Film & TV

Let Him Go: A Morally Superior Neo-Western

Kevin Costner and Diane Lane in Let Him Go. (Kimberley French/Focus Features)
America’s evil past, dished up, smugly, as an allegory for our sinful present

Deep in the divided heart of Hollywood, contempt for middle America clashes with greed for its ticket dollars. This puts Hollywood’s sophisticated movie elites at cross-purposes because they also chase acclaim — and receive approval — from the disdainful media ranks. The bizarre new Kevin Costner film Let Him Go makes all this infuriatingly clear.

It’s a genre-movie update, a “modern” Western set in late 1950s Montana where stoic retired lawman George Blackledge (Costner) and his no-nonsense wife Margaret (Diane Lane) mourn their son’s death. They long to reunite with their only grandchild, now estranged after the mother remarries — to a lout from a lawless clan. When the Blackledges seek to rescue their progeny, American hell breaks loose.

Let Him Go imitates the nation-defining myths of Westerns but gets the virtues of genre movies quite wrong. The Blackledges’ virtues come secondhand. Director Thomas Bezucha cast Costner and Lane for no apparent reason other than to evoke their poignant roles in Zack Snyder’s Man of Steel as Pa and Ma Kent, the Joseph and Mary figures to Jor-El/Clark/Superman. Yet  Bezucha, pursuing a moral vision slightly different from Snyder’s, moves into oversimplified good-vs.-evil shoot-’em-up territory. Americana myths turn into nightmares, pitting the Blackledges’ class characteristics against those of Neanderthals, headed by a treacherous matriarch with the knee-slapper name of Blanche Weboy (played by British actress Lesley Manville).

Blanche suggests a feudal warlord in a samurai movie. Her tribe perpetrates every manner of social injustice: They’re racist, sexist, anti-Jewish, and homophobic. She’s also power-mad. Having despoiled her brood of wicked sons, Blanche threatens to ruin the next generation. This cartoonishly corrupt figure exposes Let Him Go’s petty pretense: Blanche, who embodies the sin-sick souls of American white folks, is actually a projection of elite Hollywood’s now-familiar phobias and biases.

In 2005, Bezucha critiqued all that with The Family Stone, an exemplary, ironic Christmas movie. In it, Bezucha shrewdly assessed his Amherst background through the casual prejudices of a select, politically correct lineage. But in Let Him Go, that arrogance is converted into vengeance, the ruling-class anger seen throughout the mainstream-media echelons. The only moment worthy of The Family Stone is Margaret’s apology to the daughter-in-law she never much liked.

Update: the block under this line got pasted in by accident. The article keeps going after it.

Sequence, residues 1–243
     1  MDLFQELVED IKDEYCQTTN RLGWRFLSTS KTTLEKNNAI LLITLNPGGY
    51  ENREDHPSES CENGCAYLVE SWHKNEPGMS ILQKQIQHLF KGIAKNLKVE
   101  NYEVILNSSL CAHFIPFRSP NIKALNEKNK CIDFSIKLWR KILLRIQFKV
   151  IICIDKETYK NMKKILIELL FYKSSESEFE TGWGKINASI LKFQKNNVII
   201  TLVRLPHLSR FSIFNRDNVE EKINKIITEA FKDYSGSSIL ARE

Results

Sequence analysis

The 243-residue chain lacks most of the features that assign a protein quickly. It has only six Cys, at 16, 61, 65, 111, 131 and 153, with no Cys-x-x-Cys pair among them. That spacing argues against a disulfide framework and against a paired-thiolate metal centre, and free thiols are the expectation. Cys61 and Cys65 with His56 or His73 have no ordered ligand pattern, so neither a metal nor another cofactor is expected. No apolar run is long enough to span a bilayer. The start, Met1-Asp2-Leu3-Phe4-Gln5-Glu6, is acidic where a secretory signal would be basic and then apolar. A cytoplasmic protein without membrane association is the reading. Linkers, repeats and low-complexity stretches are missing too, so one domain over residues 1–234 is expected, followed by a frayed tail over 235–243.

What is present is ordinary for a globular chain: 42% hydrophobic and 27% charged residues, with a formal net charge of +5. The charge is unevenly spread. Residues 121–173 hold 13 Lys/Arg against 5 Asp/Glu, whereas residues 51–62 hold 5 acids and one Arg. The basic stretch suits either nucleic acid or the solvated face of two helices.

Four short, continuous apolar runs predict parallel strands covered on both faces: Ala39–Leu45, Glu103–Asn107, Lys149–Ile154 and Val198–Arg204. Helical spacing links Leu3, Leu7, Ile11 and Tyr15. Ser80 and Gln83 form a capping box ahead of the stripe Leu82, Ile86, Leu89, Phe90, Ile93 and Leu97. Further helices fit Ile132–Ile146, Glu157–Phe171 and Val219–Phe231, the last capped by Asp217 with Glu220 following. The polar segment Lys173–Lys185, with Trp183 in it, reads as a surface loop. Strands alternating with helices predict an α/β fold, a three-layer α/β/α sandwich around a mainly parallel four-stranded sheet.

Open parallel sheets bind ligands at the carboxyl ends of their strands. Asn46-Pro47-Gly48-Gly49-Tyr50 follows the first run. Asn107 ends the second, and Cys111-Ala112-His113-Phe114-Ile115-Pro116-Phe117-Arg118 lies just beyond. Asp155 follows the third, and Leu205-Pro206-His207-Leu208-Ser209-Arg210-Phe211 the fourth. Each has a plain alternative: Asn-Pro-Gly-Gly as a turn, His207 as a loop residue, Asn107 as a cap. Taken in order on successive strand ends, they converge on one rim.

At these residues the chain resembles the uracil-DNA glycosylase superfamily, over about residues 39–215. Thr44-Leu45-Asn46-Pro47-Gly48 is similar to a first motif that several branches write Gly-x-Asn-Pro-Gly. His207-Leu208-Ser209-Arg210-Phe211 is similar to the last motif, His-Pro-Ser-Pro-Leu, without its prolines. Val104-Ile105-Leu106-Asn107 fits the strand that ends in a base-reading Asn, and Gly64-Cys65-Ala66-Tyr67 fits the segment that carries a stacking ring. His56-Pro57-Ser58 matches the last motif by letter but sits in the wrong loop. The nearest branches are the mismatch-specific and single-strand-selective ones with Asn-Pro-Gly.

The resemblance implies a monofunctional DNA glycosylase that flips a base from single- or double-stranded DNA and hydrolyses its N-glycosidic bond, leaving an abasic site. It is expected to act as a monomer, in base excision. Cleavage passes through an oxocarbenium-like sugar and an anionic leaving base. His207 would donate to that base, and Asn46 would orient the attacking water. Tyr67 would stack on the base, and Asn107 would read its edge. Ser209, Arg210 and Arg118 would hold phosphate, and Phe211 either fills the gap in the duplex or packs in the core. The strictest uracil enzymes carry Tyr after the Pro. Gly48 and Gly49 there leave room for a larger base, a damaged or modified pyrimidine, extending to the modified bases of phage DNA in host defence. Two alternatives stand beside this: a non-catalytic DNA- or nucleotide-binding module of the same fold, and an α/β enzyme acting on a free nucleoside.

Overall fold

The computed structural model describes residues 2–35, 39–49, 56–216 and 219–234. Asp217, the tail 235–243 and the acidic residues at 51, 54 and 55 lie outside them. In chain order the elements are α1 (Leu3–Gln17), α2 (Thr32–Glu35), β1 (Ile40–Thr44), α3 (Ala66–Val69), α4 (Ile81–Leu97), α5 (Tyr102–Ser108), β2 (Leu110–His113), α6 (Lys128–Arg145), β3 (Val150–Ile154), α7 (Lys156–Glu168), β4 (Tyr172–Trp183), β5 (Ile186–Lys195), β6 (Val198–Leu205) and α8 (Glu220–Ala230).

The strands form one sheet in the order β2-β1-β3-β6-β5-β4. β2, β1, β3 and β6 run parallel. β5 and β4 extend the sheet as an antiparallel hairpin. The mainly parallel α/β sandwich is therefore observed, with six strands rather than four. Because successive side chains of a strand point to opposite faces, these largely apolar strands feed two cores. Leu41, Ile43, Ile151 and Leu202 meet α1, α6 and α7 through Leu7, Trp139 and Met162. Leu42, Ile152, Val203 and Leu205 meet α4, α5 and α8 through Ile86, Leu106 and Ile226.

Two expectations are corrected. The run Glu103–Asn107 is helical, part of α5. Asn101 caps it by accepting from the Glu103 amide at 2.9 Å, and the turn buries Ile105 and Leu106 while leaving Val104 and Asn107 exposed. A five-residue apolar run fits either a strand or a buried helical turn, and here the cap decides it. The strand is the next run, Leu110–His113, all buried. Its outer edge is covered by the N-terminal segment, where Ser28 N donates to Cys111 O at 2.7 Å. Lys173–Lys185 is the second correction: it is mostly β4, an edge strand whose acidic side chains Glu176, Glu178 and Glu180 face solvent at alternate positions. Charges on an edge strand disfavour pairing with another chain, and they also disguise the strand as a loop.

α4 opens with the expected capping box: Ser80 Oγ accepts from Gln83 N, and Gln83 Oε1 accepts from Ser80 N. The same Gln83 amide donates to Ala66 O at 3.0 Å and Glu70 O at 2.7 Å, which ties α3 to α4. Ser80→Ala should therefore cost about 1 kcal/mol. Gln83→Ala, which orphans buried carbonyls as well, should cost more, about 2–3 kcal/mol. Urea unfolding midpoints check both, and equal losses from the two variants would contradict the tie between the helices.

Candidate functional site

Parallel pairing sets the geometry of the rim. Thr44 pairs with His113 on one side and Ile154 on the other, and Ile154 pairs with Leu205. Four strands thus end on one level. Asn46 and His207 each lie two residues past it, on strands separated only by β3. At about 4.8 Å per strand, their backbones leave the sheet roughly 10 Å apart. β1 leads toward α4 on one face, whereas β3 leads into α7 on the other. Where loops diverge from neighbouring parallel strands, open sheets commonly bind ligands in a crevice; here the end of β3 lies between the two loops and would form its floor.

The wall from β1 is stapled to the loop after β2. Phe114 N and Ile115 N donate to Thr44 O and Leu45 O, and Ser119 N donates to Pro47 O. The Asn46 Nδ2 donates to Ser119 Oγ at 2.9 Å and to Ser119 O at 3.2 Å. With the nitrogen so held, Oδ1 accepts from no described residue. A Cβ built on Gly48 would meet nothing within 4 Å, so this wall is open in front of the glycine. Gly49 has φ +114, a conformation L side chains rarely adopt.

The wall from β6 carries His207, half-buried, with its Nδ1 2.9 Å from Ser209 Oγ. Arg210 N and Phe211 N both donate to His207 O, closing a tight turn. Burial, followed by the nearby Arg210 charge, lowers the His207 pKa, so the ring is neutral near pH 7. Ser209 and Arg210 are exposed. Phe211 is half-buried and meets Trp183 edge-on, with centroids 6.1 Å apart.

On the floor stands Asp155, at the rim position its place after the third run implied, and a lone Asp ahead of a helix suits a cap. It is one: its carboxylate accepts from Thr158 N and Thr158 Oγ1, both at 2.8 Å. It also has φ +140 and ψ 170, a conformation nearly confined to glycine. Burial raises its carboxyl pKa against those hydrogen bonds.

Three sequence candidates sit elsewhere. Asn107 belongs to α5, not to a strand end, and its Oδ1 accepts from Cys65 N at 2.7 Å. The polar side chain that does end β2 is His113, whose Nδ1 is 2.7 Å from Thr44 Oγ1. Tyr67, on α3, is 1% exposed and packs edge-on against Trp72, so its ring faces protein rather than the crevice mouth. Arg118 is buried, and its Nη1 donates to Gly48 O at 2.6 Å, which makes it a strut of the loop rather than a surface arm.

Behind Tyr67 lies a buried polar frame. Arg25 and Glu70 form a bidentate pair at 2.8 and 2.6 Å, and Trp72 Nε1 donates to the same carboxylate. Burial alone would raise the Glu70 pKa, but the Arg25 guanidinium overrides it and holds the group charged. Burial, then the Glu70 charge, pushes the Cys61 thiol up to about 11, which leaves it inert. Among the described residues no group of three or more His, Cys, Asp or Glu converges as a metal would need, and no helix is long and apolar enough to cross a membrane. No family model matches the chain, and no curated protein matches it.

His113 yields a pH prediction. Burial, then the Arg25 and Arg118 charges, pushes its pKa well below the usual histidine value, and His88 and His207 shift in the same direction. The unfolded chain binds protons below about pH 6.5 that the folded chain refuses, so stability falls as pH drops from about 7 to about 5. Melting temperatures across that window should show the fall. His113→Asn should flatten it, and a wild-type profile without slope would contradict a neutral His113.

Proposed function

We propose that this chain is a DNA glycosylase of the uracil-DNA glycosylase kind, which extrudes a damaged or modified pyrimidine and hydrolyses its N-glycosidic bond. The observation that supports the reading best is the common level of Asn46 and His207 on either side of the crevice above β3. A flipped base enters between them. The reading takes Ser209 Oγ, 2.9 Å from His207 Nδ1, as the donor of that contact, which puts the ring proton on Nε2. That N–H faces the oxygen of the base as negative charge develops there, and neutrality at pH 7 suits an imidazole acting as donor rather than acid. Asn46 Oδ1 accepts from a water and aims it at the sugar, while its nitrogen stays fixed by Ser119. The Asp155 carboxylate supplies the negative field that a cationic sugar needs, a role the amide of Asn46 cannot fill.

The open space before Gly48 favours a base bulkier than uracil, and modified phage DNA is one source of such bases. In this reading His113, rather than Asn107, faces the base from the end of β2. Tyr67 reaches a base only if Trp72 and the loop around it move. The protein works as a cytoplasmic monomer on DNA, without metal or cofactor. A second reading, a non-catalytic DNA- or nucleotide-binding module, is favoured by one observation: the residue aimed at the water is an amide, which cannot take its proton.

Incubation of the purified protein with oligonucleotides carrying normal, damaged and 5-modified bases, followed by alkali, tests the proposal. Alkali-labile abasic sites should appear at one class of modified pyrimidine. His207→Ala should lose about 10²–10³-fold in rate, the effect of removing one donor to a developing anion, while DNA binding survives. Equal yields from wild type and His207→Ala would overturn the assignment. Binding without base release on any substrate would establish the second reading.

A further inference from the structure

Let Him Go is almost a confession of Millennial class resentment: The plot avoids social complexities pertaining to contemporary child protective services and government welfare, as well as Native-American land rights and sexual-orientation protections. Instead, Bezucha revives the Western genre — as a variation on Taken and The Searchers. Lamenting the past is the Hollywood liberal way of reproving what America has become. (It’s a Make Americans Democrats movie.) This frightened nostalgia discloses powerlessness. At their son’s gravesite, Margaret sulks, “I don’t need reminding. I know what I’ve lost.” George proclaims, “Sometimes that’s all that’s left, a list of what we’ve lost.” The one good sequence: George collecting his dead son’s body is a swifter version of Malick’s A Hidden Life montages, a similar attempt at recovering lost morality.

Using the neo-Western to convey contemporary secular antagonism is akin to flag-burning atheism. George cuts off a radio evangelist’s spiel about “drowning in a lake of fire,” rejecting biblical judgment for a world without a Superman. It turns out that Zack Snyder provides the wrong model; Bezucha should have gone for cosmic horror and moral justice as in S. Craig Zahler’s Dragged Across Concrete.

Deep in the divided heart of Hollywood, as a great critic once said about Hud (the Sixties neo-Western attempt to sort out heroism and villainy), self-congratulatory politics rule. The industry’s baseless morality is complicated by the need to show off its moral superiority. Let Him Go ultimately confuses the Weboys and the Blackledges: While Blanche recalls the hellcat matriarch Irene Dailey richly portrayed in Robert Aldrich’s underrated gangster film The Grissom Gang, Margaret comes across as every bit as angry and vengeful as Hillary Clinton. And Costner wears his familiar Western heartache, which was never any more fake. Bezucha’s narrative comes down to this: superior but dissatisfied Americans vs. Hillary’s “Deplorables” and Biden’s “Chumps.”

The times are so stunning — especially this election week — it’s hard to tolerate Bezucha’s smug allegory of past conflicts and virtues. Before COVID, one could show disgust with the dumb haughtiness of Let Him Go by walking out on it.

Armond White, a culture critic, writes about movies for National Review and is the author of New Position: The Prince Chronicles. His new book, Make Spielberg Great Again: The Steven Spielberg Chronicles, is available at Amazon.


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